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Force Windows clients to authenticate to a specific domain controller

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Last Modified: 2018-05-10
Hi Everyone,
I have already found tons of information on how to do this but none of them work. I need our PC's to authenticate to a specific domain controller because the DC that some clients are connecting to, does not work properly.

Good DC - Windows 2003 (Yes, I know it is old)
Faulty DC - Windows 2008 R2.

This is what have I tried
1. Added SiteName (preferred domain controller) to HKEY_LOCAL_MACHINE\SYSTEM\CurrentControlSet\Services\NetBT\Parameters on the PC
2. Added <ipadress> <preferred DC> #PRE #DOM:<domain name> to LMHOSTS file on PC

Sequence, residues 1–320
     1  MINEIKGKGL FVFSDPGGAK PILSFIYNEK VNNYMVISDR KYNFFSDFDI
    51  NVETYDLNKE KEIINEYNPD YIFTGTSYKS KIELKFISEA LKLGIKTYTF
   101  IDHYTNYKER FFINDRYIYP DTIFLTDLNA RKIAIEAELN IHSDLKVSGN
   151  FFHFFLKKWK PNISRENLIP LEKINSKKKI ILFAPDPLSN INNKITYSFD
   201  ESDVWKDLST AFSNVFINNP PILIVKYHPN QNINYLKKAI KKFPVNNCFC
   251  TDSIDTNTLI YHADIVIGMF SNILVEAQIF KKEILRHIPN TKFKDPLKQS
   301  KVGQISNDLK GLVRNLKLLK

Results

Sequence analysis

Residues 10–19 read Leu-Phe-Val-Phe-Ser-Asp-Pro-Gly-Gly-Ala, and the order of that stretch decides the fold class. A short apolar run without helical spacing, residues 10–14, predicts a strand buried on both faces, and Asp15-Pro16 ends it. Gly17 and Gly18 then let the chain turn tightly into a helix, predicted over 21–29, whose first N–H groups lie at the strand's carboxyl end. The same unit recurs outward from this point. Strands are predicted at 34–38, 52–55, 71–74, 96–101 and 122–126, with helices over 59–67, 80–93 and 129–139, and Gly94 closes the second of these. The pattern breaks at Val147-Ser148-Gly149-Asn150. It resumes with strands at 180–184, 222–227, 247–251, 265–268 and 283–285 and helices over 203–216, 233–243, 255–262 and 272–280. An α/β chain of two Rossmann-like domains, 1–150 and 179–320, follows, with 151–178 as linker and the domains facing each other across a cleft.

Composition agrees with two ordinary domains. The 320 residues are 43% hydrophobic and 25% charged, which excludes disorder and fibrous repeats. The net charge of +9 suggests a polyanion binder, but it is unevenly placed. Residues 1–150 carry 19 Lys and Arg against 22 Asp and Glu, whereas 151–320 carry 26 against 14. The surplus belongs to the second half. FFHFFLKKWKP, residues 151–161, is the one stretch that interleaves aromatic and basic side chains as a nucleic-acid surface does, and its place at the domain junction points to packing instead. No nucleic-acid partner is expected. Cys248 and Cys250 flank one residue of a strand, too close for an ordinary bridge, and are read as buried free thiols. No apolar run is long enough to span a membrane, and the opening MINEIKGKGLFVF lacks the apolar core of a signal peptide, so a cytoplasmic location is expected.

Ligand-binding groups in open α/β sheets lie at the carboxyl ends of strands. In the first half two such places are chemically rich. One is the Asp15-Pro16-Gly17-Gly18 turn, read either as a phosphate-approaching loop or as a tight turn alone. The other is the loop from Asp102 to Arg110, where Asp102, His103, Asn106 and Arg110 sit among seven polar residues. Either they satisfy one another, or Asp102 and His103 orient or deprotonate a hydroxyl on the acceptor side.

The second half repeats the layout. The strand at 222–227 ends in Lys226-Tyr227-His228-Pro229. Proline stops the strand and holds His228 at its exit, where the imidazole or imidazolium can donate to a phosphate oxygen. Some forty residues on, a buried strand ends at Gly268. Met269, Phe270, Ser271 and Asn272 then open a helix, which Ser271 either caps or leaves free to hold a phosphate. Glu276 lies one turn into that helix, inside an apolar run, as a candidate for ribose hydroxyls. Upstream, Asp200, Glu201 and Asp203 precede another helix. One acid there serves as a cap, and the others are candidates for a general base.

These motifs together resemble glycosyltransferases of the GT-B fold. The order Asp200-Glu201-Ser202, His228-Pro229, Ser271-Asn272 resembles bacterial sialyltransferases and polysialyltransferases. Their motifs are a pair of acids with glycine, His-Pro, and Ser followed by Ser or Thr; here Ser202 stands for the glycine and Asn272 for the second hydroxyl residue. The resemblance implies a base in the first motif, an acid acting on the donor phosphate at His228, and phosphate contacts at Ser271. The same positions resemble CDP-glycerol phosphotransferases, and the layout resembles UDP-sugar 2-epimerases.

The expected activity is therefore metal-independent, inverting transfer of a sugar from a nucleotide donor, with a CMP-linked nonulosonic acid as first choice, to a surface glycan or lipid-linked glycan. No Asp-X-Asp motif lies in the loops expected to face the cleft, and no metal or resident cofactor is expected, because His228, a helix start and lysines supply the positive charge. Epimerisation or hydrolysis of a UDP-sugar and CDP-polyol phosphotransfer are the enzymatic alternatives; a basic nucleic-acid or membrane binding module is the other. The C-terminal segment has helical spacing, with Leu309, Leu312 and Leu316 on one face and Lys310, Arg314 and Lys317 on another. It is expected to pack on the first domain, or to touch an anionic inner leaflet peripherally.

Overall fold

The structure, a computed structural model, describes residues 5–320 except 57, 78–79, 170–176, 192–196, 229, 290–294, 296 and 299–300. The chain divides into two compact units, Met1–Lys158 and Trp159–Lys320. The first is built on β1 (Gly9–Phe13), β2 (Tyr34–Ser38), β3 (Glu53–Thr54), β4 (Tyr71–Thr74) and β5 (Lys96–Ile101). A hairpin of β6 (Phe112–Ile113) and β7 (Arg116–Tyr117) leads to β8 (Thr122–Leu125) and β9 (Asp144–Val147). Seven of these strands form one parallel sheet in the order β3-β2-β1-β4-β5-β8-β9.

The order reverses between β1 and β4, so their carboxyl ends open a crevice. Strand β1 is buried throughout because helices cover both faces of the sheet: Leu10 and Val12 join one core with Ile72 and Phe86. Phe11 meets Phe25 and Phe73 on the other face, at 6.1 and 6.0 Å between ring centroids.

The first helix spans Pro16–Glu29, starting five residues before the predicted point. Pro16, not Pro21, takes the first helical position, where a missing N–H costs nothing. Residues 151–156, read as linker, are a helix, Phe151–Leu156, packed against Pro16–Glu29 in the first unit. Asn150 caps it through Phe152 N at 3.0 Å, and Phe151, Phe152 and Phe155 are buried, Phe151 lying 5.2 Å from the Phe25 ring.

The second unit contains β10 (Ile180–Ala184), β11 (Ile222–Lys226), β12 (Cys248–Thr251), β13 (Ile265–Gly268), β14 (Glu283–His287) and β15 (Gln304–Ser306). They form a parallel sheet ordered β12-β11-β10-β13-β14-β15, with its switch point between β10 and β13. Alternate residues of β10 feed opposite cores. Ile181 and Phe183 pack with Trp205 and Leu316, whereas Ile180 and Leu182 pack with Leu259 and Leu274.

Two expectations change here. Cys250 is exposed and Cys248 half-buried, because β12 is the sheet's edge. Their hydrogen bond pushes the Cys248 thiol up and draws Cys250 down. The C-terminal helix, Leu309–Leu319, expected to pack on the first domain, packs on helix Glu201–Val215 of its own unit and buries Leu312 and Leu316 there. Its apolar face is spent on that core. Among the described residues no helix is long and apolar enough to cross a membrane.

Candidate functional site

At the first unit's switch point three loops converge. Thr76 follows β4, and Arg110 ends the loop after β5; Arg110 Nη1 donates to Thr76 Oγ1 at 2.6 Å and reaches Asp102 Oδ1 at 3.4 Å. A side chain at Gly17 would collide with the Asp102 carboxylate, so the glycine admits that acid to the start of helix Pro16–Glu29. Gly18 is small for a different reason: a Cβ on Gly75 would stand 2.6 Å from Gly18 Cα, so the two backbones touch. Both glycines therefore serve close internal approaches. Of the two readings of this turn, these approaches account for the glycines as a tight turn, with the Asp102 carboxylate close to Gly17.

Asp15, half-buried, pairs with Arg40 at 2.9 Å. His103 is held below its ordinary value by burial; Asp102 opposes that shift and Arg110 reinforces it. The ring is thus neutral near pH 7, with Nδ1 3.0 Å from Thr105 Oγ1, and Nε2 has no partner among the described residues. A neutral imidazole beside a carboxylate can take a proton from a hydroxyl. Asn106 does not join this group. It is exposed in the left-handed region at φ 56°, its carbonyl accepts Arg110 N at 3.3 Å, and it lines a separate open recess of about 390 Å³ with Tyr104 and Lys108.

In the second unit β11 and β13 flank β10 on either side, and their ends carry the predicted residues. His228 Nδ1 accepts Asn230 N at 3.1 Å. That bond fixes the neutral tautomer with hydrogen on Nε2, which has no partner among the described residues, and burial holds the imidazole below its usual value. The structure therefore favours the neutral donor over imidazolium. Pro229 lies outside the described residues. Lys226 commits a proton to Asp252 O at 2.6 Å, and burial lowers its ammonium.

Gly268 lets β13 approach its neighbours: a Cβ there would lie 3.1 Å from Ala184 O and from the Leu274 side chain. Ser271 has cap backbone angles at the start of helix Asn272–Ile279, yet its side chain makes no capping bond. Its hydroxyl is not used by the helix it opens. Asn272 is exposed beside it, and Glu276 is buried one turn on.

3. Edited the SRV entry (_keberos and _ldap) in DNS on the DC's and restarted the netlogon service and the dns service
4. Added the PC's subnet to AD Sites and Services
5. Edited the registry on the domain controllers. Edited LdapSrvPriority and set to 0 on the preferred DC and 200 for the faulty DC

Yet despite all of these, a PC still points to the faulty PC.
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Shaun VermaakSenior Consultant
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Shaun, that's an interesting idea. I'm looking through the Windows firewall but I don't see a way to block a specific ip address or computername